N.J. Sen. Cory Booker Tours Water Reclamation Plant With Garcetti

Sen. Cory Booker Holds A Meet-And-Greet At UNLV

PLAYA DEL REY (CNS) - New Jersey Sen. Cory Booker praised the role the Hyperion Water Reclamation Plant in Playa Del Rey is playing in Los Angeles' efforts to recycle 100 percent of its wastewater by 2035.

“Not only are they dealing with the energy crisis, not only are they dealing with cleaning the water, not only are they lowering the carbon footprint of this area, but they're creating jobs, good living wage jobs right here,” Booker said after touring the facility with Los Angeles Mayor Eric Garcetti on Earth Day. They have been friends since they were both Rhodes Scholars in the 1990s.

“This is an incredible example of what's possible in this country if we have leadership that focuses on making sure that we have a nation of green pastures, greener tomorrows.”

Hyperion, the largest treatment plant west of the Mississippi River, receives 81 percent of the city's total wastewater and recycles 27 percent of the water that flows into the facility, Garcetti's office said in February when the mayor announced a goal of Los Angeles recycling 100 percent of its wastewater by 2035 as part of an effort to reduce the city's dependence on imported water.

Roughly $2 billion in improvements to the facility are planned over the next 16 years to help meet the goal.

The tour was part of the “Justice for All Tour” in which Booker speaks to communities about the injustices they face during his campaign for the 2020 Democratic presidential nomination. He will discuss additional plans to address key environmental issues later this week in South Carolina, an aide said.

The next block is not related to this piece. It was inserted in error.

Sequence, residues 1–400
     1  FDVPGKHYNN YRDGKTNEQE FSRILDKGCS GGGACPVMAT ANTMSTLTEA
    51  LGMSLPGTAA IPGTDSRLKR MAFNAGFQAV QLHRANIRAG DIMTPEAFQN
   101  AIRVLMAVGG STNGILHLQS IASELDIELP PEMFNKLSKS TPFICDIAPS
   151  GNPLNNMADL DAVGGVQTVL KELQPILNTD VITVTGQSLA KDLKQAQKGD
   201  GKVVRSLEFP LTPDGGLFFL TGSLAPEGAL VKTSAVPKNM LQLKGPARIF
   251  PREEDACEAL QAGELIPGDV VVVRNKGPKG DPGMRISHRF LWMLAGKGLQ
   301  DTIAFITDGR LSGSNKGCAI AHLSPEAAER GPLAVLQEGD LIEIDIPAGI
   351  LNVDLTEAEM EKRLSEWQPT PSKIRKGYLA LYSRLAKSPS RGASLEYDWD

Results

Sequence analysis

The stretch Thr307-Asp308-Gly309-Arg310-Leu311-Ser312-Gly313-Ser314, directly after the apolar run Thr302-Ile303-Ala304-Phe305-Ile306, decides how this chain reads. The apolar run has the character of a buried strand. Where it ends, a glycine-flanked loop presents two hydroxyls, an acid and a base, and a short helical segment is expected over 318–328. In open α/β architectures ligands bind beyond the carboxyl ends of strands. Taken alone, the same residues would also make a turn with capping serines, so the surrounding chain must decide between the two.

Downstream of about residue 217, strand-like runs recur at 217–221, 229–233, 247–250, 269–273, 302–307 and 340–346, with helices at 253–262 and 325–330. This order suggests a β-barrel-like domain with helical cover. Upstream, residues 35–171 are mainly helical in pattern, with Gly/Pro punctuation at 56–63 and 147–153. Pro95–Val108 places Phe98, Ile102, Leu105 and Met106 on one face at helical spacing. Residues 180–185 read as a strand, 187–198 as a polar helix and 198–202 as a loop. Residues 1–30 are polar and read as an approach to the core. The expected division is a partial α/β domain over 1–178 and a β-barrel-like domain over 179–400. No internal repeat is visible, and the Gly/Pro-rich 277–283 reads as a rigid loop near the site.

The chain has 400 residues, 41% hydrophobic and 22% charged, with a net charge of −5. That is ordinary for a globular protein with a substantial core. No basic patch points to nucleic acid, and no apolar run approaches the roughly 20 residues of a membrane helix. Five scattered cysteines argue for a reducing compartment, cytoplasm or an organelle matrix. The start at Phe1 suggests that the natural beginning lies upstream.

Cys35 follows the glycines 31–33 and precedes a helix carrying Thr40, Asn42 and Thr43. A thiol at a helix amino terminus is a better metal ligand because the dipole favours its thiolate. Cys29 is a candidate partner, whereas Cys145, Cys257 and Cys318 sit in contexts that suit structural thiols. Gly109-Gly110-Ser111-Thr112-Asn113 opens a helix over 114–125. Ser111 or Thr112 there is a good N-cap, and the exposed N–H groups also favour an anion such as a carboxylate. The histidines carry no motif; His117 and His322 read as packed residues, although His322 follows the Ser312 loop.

Booker is scheduled to be in Milwaukee on Tuesday to lead a roundtable discussion with gun violence prevention advocates.

Booker was among two candidates for the 2020 Democratic presidential nomination in Los Angeles on Monday. Entrepreneur Andrew Yang held a rally in Pershing Square.

Booker announced his candidacy Feb. 1 in a video sent to supporters.

After recounting how real estate agents would not sell his parents a home in a neighborhood with better schools because they were black, Booker recalled how “a group of white lawyers who had watched the courage of civil rights activists were inspired to help black families in their own community, including mine.”

“They changed the course of my entire life,” said Booker, who will turn 50 on Saturday.

Booker received a football scholarship to Stanford and received bachelor's and master's degrees there. He was also a Rhodes Scholar, receiving a master's degree in U.S. history from The Queen's College at Oxford University in England. He graduated from Yale Law School in 1997.

Following law school, Booker moved into a public housing project in Newark, New Jersey, “where he teamed up with the other tenants to take on a slumlord accused of intentional neglect of the property and won,” according to biographical information supplied by his campaign.

Booker was elected to the Municipal Council of Newark in 1998, defeating a four-term incumbent. He unsuccessfully ran for mayor in 2002, but was elected in 2006, serving until 2013, when he won the special election to fill the Senate seat of the late Frank Lautenberg.

Photo: Getty Images

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